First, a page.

Л то Л то
3. With the Shear tool, we'll begin angling
the serifed stems to match the curved
baseline. Click on point a which touches
the baseline. That point becomes the axis
of rotation, or shall we say, "Shearation"?
While holding the Shift key to maintain
vertically, drag point b to the baseline.
Point с can simply be dragged down by
hand, without using the Shear tool.
......к 2. Begin marqueeing stems, one by one, and dragging them down until one
*Л of the base points touches the curved baseline, as shown at a. Notice that
only the points of the lower stem and serif are solid-selected for dragging. When
the right stem of N was lowered, b, the diagonal stroke became too thin. This has
been fixed in the last N. As I always do, I made a gauge ball—a perfect circle, c,
the exact width of the stem—then dragged two copies, d, over to the diagonal
stem to use as guides in editing it to match the rest of the stems.
4. Above, the letters have all been curved along the baseline
and the crossbars of H and f have been lowered to adapt to the
increased cap height. True, each of the serif bottoms are
straight against the curved baseline, as we worked so hard to
cure on the previous page, but most of these serifed letter
bottoms are narrow, so they hug the curve acceptably well.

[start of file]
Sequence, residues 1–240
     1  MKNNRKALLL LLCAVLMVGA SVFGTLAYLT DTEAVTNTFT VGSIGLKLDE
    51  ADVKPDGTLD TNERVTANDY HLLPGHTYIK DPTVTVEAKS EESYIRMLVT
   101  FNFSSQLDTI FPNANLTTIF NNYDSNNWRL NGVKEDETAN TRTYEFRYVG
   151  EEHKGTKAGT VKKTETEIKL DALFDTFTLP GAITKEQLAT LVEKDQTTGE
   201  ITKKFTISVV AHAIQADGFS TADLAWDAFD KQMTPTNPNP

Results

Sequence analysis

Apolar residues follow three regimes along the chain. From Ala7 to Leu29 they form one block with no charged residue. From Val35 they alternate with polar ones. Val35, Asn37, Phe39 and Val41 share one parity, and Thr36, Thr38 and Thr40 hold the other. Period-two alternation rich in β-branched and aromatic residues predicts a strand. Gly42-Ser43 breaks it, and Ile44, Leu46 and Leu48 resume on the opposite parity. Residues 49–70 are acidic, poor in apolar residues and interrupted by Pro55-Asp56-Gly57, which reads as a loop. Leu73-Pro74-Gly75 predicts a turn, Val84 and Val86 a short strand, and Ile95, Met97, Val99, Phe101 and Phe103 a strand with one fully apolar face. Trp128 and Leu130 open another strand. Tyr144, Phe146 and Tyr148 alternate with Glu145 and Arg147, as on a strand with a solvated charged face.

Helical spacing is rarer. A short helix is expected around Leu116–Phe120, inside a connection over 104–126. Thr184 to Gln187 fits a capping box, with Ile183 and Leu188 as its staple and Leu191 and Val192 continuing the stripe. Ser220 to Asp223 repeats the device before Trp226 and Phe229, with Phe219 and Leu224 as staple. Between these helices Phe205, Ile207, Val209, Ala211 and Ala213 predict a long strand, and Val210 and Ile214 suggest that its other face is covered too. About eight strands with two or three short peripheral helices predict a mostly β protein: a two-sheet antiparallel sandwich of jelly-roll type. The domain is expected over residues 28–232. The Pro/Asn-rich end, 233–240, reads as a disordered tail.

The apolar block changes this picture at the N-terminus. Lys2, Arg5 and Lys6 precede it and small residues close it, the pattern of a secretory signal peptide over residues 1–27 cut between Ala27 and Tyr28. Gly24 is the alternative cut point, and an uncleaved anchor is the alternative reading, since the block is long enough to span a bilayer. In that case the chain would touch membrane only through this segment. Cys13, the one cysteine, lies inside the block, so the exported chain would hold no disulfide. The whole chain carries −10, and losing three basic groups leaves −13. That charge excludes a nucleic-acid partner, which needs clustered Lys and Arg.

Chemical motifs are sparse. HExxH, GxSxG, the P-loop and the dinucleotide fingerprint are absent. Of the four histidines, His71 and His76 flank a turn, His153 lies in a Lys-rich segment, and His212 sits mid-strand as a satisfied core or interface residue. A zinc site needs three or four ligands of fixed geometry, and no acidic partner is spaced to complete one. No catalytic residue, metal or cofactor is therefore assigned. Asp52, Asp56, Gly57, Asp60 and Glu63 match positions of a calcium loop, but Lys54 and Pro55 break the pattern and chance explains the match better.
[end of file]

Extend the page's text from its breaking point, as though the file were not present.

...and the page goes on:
5. Another approach to this style of lettering would be to curve the crossbars
like the baseline. Draw a line at the tops of the letters and Release your curved
baseline guide back into a line. Choose the Blend tool by double-clicking it so
the Blend Options window opens. Choose 5 as the number of Specified Steps.
Select the corner points a and b, then click with the Blend tool first on a then
on b to create the intermediate lines at с Go to OBJ ECT> Expand. The Expand
box opens. Click OK. Now these intermediate lines are released from the Blend.
And Furthermore... Ideally, serifs and crossbars should follow the curved baseline
and the axis point of the original ellipse. In example X, at a, the serif has been aligned with
the curved baseline to begin the process. At b, the Convert Anchor Point tool was used to
drag bezier handles out of a corner point. After dragging the unnecessary handle b back into
the point, adjust handle с until the serif follows the baseline curve. In example Y, the
crossbar has been deleted and a new curved crossbar stroke f has been drawn to stem width.
What is stem width? Make a gauge ball like g, exactly the width of the stem, and center a
copy on the f line. Increase/decrease stroke width until it matches the diameter of the circle.
Rejoin both sides of the A at d and e so they are closed, Outline Strokes of the crossbar line,
clip off excess crossbar that may stick out, and unite it with rest of letter A
6. Delete all the Blend lines that don't fall near the crossbars of H, E and A
and make guides of the ones that do. The H crossbar has been tweaked. Notice
that since it didn't fall exactly on one guideline, I centered it between two of
them. Perhaps the H crossbar should have been placed on the same line as the
E crossbar. What do you think? For the E, select the two points at a and drag
them to the guideline. Do the same for b. The A crossbar remains to be